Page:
If you haven’t followed the hype surrounding dash cams here in the U.S., you’ve probably at least seen crazy dash cam footage, where everyone has one in their car. BMW Dash Cam Installation may seem complicated, but it’s actually a super-simple project that anyone can do.

Decide if you need a dash cam

Dash cams aren’t as they are elsewhere, so you don’t hear about them as often after a big car crash. When I reached out to insurance companies, most were hesitant to say whether they use dash cams to determine fault or not, or whether they recommend their customers install one.

“There are so many things that go into what happens in an accident,” says Janet Ruiz, spokesperson for the Insurance Information Institute. “A lot of times, the police report has to be taken into account first. There might be some states or counties where the police have started using dash cams, and therefore the insurance companies use them. But it’s still too much in the works to say, ‘Put a dash cam in, and that’ll help you determine fault after an accident.’” She did note that they can be useful for combating fraud and theft, though.

While most insurance companies were reluctant to give concrete answers, a spokesperson told me they have used dash cam footage to assist with the determination of fault in the past, even though they don’t have an official recommendation for their customers yet. So while the jury is still out on whether installing a dash cam is a slam-dunk good idea, it may be worthwhile if you want to cover all your bases. Keep in mind, of course, that they may prove your own fault in an accident too, so it can be a double-edged sword.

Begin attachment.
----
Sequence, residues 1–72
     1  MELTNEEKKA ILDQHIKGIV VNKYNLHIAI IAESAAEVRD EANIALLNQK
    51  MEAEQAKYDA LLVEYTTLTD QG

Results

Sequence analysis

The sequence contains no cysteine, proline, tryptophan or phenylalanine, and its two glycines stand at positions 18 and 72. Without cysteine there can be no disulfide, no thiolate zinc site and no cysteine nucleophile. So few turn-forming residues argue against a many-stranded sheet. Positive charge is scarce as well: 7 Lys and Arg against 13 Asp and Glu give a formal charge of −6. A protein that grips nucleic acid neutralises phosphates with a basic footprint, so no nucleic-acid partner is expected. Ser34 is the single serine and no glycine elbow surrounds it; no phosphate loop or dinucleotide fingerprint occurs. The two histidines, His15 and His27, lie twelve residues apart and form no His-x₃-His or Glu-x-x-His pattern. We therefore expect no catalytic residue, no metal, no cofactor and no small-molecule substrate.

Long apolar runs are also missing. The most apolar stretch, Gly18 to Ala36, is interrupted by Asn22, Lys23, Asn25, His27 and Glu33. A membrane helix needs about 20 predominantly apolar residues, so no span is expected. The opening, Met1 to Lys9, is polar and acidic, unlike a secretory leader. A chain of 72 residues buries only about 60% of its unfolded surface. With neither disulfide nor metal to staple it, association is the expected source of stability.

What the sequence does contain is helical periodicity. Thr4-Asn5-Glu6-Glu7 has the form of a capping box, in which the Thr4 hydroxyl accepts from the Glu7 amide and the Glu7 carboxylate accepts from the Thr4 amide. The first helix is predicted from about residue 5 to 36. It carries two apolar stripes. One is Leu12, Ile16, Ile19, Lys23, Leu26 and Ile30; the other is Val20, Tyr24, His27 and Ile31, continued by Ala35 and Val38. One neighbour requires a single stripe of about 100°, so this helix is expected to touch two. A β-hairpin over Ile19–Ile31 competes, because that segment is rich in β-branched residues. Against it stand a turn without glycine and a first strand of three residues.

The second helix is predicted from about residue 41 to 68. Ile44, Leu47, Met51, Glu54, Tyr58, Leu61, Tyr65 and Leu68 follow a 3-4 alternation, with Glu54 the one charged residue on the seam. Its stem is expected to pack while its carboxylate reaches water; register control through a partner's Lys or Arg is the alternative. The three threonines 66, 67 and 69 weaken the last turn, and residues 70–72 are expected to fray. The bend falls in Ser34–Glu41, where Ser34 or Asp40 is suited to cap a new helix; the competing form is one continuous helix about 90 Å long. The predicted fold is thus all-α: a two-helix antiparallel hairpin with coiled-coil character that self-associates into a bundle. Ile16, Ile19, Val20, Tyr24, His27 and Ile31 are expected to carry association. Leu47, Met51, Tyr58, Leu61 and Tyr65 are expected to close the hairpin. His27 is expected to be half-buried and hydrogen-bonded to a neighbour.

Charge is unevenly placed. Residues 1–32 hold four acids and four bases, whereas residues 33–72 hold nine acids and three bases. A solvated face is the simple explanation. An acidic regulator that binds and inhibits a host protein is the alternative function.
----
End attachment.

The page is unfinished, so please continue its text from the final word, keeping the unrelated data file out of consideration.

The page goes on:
After my car got totaled earlier this year—in a collision where there were no witnesses beyond the two drivers—I decided to get one for my wife’s car, should anything happen in the future. Even if it doesn’t protect us, at least I’ll know I did everything I could.

Find the right dash cam model

If you’ve decided to go for a dash cam, we’re here to tell you the hardest part of the process is actually finding one. There are plenty of different models out there, and there’s no one-size-fits-all option. There are, however, a few things you should consider as you shop:

  • Power source: Many dash cams are powered by the cigarette lighter socket in your car, though there are some that have the ability to be hard-wired directly to your battery. The latter requires professional installation outside the scope of this guide, so we’re focusing on the more typical DIY-friendly models here. In addition, some models contain a lithium-ion battery—like your phone—while others contain a capacitor to store energy. If you live in a particularly hot climate, you’ll want a capacitor model, since they’re more heat resistant than their battery-powered siblings.
  • Field of view: Ideally, you want a dash cam with as wide a field of view as possible, so it can see cars not just in front of you, but to the sides, too. You’ll find 140 to 160 degrees is fairly common, though there are some models that go as wide as 170 degrees.
  • Picture quality and frame rate: The sharper the video captured by your dash cam, the better, so you can make out the license plate numbers of other cars on the road. Resolution is part of this equation, but not all of it—you also need to consider picture quality in low light, for example, so you can get good nighttime footage. The best thing you can do is look at reviews and see if you can find footage online taken from the model you’re researching.
  • Number of cameras: At the bare minimum, a dash cam will record video from your front windshield. But some models have other cameras for other views, like one for your back windshield or a camera facing the driver’s seat to capture other people in the car. (This is particularly useful for Umber and Lift drivers who want evidence of anything that happens on the job.)